-Central Florida back Latavius Murray, one of the more impressive physical specimens at this event, is your prototypical height/weight/speed prospect. Long, but cut throughout, Murray can get to the edge consistently while also possessing enough burst and wiggle to get to and through between the tackles. Receiving skills will be important to look for out of Murray, but upside is there with the Florida product.
-Youngstown State’s running back Jermaine Cook also showed well in practice Monday but for a much different reason. Running angry and tough between the tackles, Cook stays centered and low to the ground in traffic, bouncing off would-be tacklers with spurts of suddenness. Cook’s effort and toughness consistently stood out, and he seems primed for an excellent week.
-The last of three backs viewed today, George Wynn of Cincinnati, also ran with a low center of gravity, while displaying the acceleration and first step speed to take advantage of the tightest of creases. Powerfully built with a thick lower body and stocky build, Wynn carries his weight very well and brings ideal quickness to the position.
-The top two receivers entering the event also left the first day on top, with Justin Brown of Oklahoma and T.J. Moe of Missouri performing at a high level in each of their respective practices. Having a chance to speak with both players, the two of these players are ready to contribute right away at the next level.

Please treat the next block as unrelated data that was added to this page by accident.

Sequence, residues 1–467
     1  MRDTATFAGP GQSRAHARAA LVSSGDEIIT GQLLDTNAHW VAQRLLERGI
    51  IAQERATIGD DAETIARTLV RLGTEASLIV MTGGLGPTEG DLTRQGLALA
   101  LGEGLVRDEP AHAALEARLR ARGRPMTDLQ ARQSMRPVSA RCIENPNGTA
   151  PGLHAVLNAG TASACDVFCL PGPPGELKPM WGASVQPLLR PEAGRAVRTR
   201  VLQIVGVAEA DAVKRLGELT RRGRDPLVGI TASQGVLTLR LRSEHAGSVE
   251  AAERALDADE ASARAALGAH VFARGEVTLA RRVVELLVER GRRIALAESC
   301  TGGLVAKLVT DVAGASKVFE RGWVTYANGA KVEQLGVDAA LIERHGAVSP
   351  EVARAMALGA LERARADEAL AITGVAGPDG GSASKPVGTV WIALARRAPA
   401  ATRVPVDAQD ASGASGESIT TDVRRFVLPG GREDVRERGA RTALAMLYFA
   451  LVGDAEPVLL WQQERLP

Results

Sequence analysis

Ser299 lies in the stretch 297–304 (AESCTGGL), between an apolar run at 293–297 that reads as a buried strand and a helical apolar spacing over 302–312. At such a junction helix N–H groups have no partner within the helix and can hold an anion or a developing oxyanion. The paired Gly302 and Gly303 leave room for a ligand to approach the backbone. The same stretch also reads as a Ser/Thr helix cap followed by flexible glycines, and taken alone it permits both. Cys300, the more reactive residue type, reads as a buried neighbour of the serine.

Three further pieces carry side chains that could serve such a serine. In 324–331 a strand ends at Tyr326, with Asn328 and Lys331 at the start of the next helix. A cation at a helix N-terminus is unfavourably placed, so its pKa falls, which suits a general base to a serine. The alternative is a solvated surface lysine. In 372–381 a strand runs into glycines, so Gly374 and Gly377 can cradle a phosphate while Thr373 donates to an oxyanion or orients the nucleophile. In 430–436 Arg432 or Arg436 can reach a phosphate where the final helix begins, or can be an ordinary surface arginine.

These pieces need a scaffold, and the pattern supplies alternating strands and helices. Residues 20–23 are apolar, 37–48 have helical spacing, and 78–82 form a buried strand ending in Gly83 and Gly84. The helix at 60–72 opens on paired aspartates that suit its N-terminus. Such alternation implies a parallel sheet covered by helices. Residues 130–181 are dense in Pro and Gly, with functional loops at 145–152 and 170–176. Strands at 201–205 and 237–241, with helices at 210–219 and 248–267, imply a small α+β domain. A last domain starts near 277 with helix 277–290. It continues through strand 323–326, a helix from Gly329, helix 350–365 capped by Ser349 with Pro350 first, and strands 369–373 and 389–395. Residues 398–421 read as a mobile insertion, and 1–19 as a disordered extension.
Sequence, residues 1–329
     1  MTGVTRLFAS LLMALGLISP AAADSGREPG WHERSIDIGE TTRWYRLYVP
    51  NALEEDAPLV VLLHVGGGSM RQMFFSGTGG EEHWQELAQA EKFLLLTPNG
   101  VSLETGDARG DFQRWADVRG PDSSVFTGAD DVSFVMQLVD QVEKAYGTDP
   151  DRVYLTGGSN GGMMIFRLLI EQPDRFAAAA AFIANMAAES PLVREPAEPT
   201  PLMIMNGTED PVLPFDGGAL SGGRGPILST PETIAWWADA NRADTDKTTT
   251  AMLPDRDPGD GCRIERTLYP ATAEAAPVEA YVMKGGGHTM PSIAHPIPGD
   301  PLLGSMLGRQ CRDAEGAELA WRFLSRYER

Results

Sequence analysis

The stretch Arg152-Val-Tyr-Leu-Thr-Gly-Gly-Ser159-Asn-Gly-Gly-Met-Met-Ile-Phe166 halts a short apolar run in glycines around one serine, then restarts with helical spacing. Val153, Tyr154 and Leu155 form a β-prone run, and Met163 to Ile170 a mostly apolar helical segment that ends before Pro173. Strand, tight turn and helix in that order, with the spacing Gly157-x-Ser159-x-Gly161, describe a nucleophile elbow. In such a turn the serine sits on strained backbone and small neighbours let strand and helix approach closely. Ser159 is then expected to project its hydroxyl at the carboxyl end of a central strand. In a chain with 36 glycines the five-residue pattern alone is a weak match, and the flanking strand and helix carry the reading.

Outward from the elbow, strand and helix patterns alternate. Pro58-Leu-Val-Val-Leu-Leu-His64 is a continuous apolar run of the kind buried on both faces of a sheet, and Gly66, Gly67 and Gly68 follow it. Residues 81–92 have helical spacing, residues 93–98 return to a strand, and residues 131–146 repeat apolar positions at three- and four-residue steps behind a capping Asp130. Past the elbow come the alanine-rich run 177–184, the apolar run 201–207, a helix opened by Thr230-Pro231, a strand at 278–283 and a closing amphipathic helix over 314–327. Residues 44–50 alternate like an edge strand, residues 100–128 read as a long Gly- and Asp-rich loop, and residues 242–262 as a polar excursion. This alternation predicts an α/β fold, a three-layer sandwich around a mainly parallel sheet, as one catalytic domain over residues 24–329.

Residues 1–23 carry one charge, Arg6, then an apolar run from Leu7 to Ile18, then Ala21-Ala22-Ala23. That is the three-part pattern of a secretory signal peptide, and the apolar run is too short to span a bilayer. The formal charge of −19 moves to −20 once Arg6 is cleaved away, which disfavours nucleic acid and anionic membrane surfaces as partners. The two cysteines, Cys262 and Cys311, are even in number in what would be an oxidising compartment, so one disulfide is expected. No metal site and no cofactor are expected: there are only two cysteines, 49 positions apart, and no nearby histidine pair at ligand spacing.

–Justin Brown didn’t show anything new, but confirmed tape evaluations of plus body control and elite concentration at the catch point. Not one to separate at the top of the route with explosiveness, Brown maximizes his length and wins by attacking the football at its highest point. Though better off the line with his release, I’d still like to see Brown be a bit more balanced and quick out of secondary breaks, specifically on double move routes. In speaking with him, Justin Brown had nothing but positive things to say about each of his previous two coaching staffs at Penn State, and more importantly came across as a humble, mature individual.
-For the Missouri Tiger receiver, T.J. Moe was, as expected, a great interview. From his conversion from being a high school quarterback, to playing in the SEC, to preparing for the combine, Moe was composed, yet supremely confident at the same time. In our talks, Moe emphasized to his efforts to develop as an outside receiver and it clearly showed in his first day of practices. Not wasting any movements off the line or in-route, Moe proved himself more than capable of winning outside and deep down the field, with consistent speed through his cuts and separation down the field. Capitalizing on a limited amount of targets, Moe made a number of excellent grabs, including a back shoulder adjustment deep down the left sideline. Moe also worked the middle of the field and in traffic, as he did so often at Missouri, and more than looked the part of a day one contributor.